Electron Density Functions in Organic Chemistry

  • Andrew StreitwieserJr.
  • David L. Grier
  • Boris A. B. Kohler
  • Erich R. Vorpagel
  • George W. Schriver


A few years ago we computed the electron density function for methyl lithium1 and called attention to the low value of the electron density, $\rho(\equiv \rho({\mathop{\rm r}\limits_\sim}_1)$, the one-electron density function2) at its minimum along the C-Li internuclear axis. This low value did not seem to be consistent with significant C-Li covalency and we accordingly wrote that the carbon-lithium bond is essentially wholly ionic. Fig. 1 presents a perspective plot of ρ for LiCH3 showing the low value of the shared electron density for C-Li compared to C-H. The electron density function has found frequent important use in understanding bonding and in testing our bonding concepts.2,3 The conclusion that organolithium compounds are best interpreted simply as contact ion pairs not much different from lithium fluoride came as a complete surprise to us. We had been trained (and we even taught in the past) that the properties of organolithium compounds required substantial carbon-lithium covalency; but the electron density patterns computed for a number of organolithium compounds forced us to change our views. Not everyone agrees with us and our conclusion is still controversial. For example, one reviewer wrote of our conclusions, “…is surely wrong. There must be an error in the program.”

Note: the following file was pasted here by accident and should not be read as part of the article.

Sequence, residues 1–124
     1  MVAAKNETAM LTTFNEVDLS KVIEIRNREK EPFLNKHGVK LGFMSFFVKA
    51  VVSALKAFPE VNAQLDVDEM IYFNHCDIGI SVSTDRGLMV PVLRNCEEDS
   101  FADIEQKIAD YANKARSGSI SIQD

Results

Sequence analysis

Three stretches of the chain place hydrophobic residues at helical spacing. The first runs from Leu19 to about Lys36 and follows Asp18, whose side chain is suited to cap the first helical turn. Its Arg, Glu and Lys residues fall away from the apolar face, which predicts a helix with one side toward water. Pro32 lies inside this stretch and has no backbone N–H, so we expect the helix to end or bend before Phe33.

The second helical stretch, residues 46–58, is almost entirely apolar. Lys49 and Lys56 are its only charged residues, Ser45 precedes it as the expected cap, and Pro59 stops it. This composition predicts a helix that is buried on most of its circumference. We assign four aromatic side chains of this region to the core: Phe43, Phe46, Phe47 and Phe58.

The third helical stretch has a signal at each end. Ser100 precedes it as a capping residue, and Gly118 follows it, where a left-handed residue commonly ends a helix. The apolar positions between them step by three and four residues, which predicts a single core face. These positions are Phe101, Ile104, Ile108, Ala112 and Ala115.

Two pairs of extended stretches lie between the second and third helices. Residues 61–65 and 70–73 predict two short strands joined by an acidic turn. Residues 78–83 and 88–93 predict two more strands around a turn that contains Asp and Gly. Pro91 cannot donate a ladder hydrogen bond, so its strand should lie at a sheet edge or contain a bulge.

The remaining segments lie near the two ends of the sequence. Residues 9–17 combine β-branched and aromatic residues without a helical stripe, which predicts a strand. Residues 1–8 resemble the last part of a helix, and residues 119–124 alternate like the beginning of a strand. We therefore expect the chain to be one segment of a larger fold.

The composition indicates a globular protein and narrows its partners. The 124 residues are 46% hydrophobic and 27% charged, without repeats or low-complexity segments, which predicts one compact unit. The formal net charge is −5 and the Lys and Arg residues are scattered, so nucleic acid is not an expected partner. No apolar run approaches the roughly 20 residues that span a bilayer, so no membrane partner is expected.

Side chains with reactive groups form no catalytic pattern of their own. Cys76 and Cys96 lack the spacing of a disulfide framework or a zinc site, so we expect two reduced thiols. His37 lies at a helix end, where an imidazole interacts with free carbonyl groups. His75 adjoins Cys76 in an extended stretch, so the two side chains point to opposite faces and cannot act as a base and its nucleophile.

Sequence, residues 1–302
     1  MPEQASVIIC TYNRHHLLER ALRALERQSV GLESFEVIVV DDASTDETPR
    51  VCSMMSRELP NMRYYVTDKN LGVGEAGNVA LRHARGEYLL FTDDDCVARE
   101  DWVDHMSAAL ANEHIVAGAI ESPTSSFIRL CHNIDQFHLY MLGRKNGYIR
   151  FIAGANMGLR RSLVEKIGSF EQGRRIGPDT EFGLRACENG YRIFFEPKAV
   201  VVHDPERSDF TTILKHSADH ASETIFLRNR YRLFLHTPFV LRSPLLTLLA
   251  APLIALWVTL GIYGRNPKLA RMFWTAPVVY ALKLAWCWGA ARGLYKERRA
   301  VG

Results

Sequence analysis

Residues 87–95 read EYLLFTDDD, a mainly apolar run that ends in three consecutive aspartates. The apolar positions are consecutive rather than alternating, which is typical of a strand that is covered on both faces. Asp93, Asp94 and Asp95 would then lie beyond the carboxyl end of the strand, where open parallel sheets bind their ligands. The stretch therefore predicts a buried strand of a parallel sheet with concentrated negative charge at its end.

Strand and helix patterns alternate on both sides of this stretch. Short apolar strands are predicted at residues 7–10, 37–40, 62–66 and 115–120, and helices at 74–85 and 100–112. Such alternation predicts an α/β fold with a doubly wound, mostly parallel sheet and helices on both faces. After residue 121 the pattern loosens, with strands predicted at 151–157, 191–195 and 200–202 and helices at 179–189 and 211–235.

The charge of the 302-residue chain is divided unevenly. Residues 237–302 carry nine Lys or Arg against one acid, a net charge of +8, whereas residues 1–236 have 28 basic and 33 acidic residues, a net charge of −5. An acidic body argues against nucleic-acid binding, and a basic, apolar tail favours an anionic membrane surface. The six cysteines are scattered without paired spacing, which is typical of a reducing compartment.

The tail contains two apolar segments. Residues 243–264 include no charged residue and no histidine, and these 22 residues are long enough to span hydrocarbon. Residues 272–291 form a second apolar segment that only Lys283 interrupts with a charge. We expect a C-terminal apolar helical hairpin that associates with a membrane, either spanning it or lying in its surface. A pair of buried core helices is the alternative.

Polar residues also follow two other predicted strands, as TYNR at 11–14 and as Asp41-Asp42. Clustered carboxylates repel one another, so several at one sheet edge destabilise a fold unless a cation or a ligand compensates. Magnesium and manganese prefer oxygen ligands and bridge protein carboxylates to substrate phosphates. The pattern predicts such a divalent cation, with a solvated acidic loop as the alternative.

Projection Function Electron Density Function Molecular Plane Lithium Fluoride Internuclear Axis 
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Copyright information

© Plenum Press, New York 1982

Authors and Affiliations

  • Andrew StreitwieserJr.
    • 1
  • David L. Grier
    • 1
  • Boris A. B. Kohler
    • 1
  • Erich R. Vorpagel
    • 1
  • George W. Schriver
    • 1
  1. 1.Department of ChemistryUniversity of CaliforniaBerkeleyUSA

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